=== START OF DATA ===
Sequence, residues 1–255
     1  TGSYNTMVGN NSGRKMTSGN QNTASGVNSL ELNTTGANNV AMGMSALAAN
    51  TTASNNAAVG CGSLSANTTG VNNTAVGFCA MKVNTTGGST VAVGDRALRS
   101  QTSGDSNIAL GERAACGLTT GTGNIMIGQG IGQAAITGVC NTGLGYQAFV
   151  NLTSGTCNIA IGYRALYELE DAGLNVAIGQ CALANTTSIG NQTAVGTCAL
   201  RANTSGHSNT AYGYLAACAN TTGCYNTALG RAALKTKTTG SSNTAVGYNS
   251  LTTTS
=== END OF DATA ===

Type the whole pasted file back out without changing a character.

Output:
Sequence, residues 1–255
     1  TGSYNTMVGN NSGRKMTSGN QNTASGVNSL ELNTTGANNV AMGMSALAAN
    51  TTASNNAAVG CGSLSANTTG VNNTAVGFCA MKVNTTGGST VAVGDRALRS
   101  QTSGDSNIAL GERAACGLTT GTGNIMIGQG IGQAAITGVC NTGLGYQAFV
   151  NLTSGTCNIA IGYRALYELE DAGLNVAIGQ CALANTTSIG NQTAVGTCAL
   201  RANTSGHSNT AYGYLAACAN TTGCYNTALG RAALKTKTTG SSNTAVGYNS
   251  LTTTS